“Adams, you’re gonna think I’m the angel of death if you don’t quit cussin’ me.” He released the man’s collar and stepped back, watching as Adams slid down the wall. As the man slumped on the floor, Johnny upended the second bucket of water over his head.

Adams growled, fighting his way to his knees and swaying as he tried to balance upright. Johnny held him by the collar at the back of the neck this time, hoisting the man to his feet and supporting him until Adams stopped weaving and seemed to stand fairly steadily. 

“C’mon. Outside.” Johnny marched the man through the house, pausing briefly to snatch the bar of soap he’d noticed earlier from the kitchen sink. Adams stumbled across the porch and down the steps, obedient to the pressure of Johnny’s hand in the small of his back.

“Where we goin’?”

“Just keep walkin’, Adams.” Johnny herded the man across the overgrown yard to the stream running behind the barn.

Adams stumbled to a halt on the bank, turning to face Johnny. “What the hell’s goin’ on?”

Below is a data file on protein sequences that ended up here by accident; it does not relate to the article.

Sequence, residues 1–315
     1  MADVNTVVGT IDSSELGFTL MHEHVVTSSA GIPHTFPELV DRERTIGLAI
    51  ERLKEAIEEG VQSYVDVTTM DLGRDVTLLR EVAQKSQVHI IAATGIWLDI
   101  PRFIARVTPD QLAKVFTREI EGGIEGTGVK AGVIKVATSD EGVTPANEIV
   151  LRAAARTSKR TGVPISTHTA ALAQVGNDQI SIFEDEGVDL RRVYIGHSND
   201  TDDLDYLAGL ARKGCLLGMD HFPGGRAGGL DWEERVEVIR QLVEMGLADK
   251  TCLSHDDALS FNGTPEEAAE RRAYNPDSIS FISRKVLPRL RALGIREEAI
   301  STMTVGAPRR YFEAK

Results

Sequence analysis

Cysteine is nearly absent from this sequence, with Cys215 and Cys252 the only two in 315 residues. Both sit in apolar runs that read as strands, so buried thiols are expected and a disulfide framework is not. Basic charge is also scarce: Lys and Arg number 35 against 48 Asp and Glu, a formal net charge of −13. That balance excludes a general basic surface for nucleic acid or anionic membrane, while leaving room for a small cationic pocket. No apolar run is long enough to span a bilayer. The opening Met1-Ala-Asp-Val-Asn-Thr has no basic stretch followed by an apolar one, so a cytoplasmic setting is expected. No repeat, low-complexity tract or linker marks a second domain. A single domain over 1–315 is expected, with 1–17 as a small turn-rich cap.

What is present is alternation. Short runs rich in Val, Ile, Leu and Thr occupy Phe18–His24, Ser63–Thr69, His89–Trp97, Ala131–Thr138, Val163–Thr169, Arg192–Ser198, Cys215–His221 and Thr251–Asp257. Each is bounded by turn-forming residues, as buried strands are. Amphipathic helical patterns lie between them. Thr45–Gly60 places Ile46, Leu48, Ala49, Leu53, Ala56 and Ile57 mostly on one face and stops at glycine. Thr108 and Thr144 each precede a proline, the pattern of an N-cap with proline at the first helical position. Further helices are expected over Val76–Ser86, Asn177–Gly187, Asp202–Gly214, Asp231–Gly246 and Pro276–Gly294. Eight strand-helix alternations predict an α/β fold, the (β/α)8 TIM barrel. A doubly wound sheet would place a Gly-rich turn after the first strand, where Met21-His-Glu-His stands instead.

“I wanna talk to you, Adams. And right now you stink so bad, I can’t think. So, you’re gonna take a bath.” He bowed slightly, extending one arm toward the stream. “Go on, your tub’s ready. Git in.”

Adams looked slowly from Johnny to the stream. “Why you little &%*…” 

As Adams opened his mouth wider to finish his curse, Johnny stuffed in the bar of soap while giving the man a swift push on the chest. Adams nearly swallowed the soap as he found himself flying backwards to land with a tremendous splash in the cold stream. 


An hour later Johnny had a cheerful fire burning in both the fireplace and the kitchen stove. He’d cleared the table, found some clean clothes for Pete and even located some coffee, brewing it strong and forcing Adams to drink it despite the man’s whining protests. Johnny’s pressure was relentless and Adams swallowed cup after cup of the strong, bitter liquid. It scalded his mouth and insides, but eventually cleared many of the remaining cobwebs from his head.

Blood shot eyes glared at Johnny, “Just who the hell are you?”